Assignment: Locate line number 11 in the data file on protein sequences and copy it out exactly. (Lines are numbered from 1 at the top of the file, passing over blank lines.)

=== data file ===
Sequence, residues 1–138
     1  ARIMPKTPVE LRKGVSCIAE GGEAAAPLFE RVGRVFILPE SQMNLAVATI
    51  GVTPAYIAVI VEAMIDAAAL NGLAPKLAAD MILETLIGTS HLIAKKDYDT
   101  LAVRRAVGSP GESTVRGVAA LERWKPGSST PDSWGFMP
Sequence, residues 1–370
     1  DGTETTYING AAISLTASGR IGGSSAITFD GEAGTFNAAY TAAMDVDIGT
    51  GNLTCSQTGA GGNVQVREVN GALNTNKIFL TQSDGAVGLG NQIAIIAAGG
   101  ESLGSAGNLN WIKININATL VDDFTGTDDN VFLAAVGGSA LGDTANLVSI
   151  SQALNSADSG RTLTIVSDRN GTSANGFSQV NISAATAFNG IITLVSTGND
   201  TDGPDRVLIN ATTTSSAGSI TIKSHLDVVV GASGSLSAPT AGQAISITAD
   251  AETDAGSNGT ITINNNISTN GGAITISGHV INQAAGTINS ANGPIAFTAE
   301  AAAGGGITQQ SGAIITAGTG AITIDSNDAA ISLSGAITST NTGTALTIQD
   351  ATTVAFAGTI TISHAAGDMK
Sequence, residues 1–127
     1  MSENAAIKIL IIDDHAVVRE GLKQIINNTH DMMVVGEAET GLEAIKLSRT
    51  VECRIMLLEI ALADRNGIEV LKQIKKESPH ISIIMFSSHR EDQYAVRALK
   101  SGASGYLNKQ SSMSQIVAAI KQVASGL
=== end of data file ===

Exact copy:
   251  AETDAGSNGT ITINNNISTN GGAITISGHV INQAAGTINS ANGPIAFTAE